Lexham Press is pleased to announce the publication of a major series of new translations of Abraham Kuyper’s writings in public theology. Created in partnership with the Acton Institute and the Kuyper Translation Society, Abraham Kuyper Collected Works in Public Theology marks a historic moment in Kuyper studies, and we hope it will deepen and enrich the church’s interest and engagement in public theology.
In honor of Pastor Appreciation Month, you can stock up on some of our best pastoral resources! This includes commentaries like N.T. Wright’s New Testament for Everyone series, periodicals, like the Journal of Biblical Counseling, and training tools like Morris Proctor’s Logos 6: Training Manual Volumes 1 and 2.
As we’ve already noted, pastors are deeply involved in their flock’s daily struggles. That’s why we’re highlighting this weekend’s special: Hope for the Heart Biblical Counseling Library (102 volumes). You can get extra savings on this resource this weekend only!
Study Scripture within Tradition with easy‐to‐use tools and a massive theological library. Orthodox Logos 6 base packages are here.
This month, get the book Luther in English totally free. And, you won’t want to miss our Plus One, Grace and Reason: A Study in the Theology of Luther for only $1.99!
As Brian Gerrish notes in his introduction to Grace and Reason, “‘Luther on reason’ is a vast subject—perhaps, surprisingly so—and even when the ground to be covered has been carefully mapped out, it would not be difficult to lose one’s path.”
Today, we’ll be examining snippets from this book and expanding our research using Logos. To start, I open the resource in my Logos software.
We’re committed to providing top-notch biblical study materials across the broad spectrum of Christian denominations—and that includes the gamut of Wesley’s followers. So whether you’re Wesleyan, Holiness, Nazarene, United Methodist, Independent Methodist, Salvation Army, or any other variation, we’ve got a growing library of resources that will meet your needs.
Here are some great ways to bulk up your library of Methodist-Wesleyan resources.
Language is a funny thing. A single word can have many meanings, and many words can describe a single concept. In our native tongue, we usually have a pretty good grasp on which words we can use to express certain thoughts and ideas. But when we encounter languages that we haven’t spent a lifetime speaking and reading, our grasp on these words can slip.
In biblical studies, interacting with Hebrew and Greek is a necessity to understand the original context of the text. For students of these biblical languages or anyone without formal training, the original biblical languages can seem like barriers preventing them from fully understanding the Bible. Resources like the Hebrew–Aramaic Lexicon of the Old Testament (HALOT) and the Greek English Lexicon of the New Testament and Early Christian Literature (BDAG) are geared toward intense academic work, which can make them less accessible to students and virtually inaccessible to anyone without formal training.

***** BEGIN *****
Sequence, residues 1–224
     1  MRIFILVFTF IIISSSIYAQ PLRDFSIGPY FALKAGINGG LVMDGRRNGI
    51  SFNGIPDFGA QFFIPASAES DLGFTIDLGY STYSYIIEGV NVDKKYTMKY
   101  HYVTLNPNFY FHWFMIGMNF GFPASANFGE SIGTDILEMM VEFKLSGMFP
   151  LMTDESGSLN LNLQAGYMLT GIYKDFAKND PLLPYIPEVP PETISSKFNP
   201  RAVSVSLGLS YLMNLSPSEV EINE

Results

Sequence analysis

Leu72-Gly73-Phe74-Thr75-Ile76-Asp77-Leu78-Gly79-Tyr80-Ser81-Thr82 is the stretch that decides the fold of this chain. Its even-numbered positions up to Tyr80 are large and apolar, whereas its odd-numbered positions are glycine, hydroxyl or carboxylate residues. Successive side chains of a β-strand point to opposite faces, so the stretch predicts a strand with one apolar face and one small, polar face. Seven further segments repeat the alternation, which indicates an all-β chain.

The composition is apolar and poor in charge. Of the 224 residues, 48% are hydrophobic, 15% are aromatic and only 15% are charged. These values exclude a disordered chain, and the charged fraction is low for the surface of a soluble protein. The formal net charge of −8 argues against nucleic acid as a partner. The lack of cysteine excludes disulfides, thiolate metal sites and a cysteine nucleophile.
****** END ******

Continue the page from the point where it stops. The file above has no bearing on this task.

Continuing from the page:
The Lexham Theological Wordbook makes this lexical information accessible for a broader audience. This resource is designed to make the original biblical languages accessible to people from all interest levels. Plus, it’s designed to work seamlessly with your Logos Bible Software library.
Something that constantly excites me about Mobile Ed is that we are able to get some of today’s top Christian scholars and professors to teach on the topics they are most passionate about. This gives you the opportunity to learn directly from people who have dedicated their lives to studying and teaching the Bible. We’re thrilled to release two new courses on books of the Bible—one on Hebrews and one on Exodus—taught by two distinguished biblical scholars. They are shipping soon, so this is your last chance to order them at the Pre-Pub price.
Imagine entering your own personal biblical research library for the very first time.
As soon as you walk in you’re surrounded by thousands upon thousands of books perched on dusty shelves that reach to ceilings high above you. You head to the commentaries section, and are stunned. Dozens of rows of shelves supporting hundreds of volumes each stretch as far as you can see. They contain tomes in French, German, Latin, and Greek. These resources cover everything from biblical interpretation to historical context, devotional application, and textual criticism. They span every book of the Bible and even comment on other commentaries.